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TELL THEM TO YOUR CHILDREN

 

A sermon by Rev. Richard Miller, Minister of Trinity United Church, Montreal, QC.  Deuteronomy 6:4-9.  June 13, 2004

 

Keep these words that I am commanding you today in your heart.  Recite them to your children and talk about them when you are at home and when you are away, when you lie down and when your rise.

        Deuteronomy 6:6-7a

 

            Somewhere in our house is an old, dark blue book with worn covers.  When I was a child, my mother would read to me from this book and show me the beautiful colour plates.  The name of the book is Hurlbut’s Story of the Bible, and the colour plates are depictions of biblical characters such as Elijah, King David, Jesus, and Paul.  Since the book was published in the western world, needless to say, the people look more like westerners than like people from the Middle East.  Of course, as a child I was not sensitive to these things – that came quite a bit later.  But at that time, those colour plates held my interest, and helped me to be interested in the Bible stories that my mother read to me from the book.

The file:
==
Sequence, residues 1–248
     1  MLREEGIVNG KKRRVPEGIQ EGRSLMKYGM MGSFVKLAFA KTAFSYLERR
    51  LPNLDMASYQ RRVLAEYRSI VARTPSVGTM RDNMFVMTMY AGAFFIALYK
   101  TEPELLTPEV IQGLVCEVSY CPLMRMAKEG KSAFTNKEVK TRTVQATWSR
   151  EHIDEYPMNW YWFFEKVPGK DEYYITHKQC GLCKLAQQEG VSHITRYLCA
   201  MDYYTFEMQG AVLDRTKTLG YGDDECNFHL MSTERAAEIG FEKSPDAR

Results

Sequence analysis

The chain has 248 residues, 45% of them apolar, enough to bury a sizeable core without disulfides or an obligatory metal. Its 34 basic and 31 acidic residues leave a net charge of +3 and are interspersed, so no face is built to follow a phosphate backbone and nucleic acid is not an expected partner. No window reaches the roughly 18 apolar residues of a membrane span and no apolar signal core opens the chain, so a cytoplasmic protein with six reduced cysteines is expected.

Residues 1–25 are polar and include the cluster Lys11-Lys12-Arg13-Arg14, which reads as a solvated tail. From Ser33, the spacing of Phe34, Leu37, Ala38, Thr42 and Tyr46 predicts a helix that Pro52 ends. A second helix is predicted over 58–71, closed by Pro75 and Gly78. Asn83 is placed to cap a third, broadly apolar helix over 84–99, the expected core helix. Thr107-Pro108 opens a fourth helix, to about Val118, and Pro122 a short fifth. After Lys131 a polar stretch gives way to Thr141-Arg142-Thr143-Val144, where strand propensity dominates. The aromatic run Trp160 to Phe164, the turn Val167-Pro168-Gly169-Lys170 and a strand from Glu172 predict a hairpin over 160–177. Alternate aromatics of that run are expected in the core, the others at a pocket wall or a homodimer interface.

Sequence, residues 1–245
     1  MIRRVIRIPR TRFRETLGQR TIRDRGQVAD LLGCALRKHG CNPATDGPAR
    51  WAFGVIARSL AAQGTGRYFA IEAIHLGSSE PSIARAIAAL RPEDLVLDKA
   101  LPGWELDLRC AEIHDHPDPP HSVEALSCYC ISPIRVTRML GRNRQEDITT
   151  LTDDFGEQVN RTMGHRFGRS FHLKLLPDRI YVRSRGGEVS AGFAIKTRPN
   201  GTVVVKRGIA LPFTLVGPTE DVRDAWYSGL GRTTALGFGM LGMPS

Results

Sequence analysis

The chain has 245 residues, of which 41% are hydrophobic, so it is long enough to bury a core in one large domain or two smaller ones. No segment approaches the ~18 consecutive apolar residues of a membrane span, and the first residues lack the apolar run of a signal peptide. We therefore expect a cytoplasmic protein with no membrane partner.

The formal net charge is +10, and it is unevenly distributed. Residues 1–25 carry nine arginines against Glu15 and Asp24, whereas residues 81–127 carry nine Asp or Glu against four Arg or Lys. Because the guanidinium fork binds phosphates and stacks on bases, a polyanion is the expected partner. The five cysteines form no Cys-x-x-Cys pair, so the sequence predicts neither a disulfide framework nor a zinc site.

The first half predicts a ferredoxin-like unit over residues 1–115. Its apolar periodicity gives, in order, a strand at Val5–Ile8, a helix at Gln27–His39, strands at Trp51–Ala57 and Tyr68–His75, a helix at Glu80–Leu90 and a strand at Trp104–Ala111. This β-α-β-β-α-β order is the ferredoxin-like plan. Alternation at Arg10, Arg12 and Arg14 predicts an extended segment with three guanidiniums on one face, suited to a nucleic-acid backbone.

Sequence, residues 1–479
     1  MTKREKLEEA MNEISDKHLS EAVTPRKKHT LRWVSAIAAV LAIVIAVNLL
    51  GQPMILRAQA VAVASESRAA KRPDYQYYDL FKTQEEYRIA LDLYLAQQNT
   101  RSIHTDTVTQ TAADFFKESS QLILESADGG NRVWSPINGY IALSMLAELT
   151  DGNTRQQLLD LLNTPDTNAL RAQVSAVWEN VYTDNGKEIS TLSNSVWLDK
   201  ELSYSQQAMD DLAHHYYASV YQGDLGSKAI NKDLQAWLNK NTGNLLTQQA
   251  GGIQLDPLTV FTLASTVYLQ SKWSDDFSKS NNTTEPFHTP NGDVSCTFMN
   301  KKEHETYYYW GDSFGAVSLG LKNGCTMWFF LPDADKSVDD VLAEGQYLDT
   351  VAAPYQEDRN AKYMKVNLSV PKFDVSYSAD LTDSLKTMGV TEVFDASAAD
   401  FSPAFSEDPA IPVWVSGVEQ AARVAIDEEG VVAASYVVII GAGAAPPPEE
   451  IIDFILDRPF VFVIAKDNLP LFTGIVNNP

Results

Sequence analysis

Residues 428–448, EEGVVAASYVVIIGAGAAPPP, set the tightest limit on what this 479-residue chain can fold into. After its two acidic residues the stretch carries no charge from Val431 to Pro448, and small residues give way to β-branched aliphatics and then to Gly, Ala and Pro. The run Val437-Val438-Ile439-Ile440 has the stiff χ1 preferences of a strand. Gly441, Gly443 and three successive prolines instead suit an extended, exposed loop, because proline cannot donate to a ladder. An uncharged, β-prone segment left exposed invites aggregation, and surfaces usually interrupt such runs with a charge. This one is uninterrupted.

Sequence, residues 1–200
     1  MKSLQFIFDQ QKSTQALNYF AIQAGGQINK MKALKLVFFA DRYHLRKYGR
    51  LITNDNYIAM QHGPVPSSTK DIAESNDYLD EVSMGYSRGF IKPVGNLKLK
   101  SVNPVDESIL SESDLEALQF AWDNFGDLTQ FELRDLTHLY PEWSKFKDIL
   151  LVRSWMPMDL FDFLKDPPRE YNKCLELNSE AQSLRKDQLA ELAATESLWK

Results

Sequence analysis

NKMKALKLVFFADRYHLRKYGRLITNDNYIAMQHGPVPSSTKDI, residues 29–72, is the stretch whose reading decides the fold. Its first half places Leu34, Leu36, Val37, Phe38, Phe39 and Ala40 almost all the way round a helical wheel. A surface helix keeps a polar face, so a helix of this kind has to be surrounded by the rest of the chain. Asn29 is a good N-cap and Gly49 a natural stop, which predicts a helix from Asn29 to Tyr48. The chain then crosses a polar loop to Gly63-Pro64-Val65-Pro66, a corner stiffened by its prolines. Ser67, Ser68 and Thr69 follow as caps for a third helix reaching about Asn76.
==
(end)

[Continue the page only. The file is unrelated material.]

Last Sunday we baptized young Evan.  And today we have blessed and welcomed Anna and Grace and Katherine into the church.  But how do children learn the stories about the love of God for them?  How do they grow up knowing that they are beloved children of God?  Obviously they learn these things because we tell them.  We who are their parents and their grandparents.  We who are their sisters and brothers in Christ.  We who are fellow members of the family of faith here at Trinity.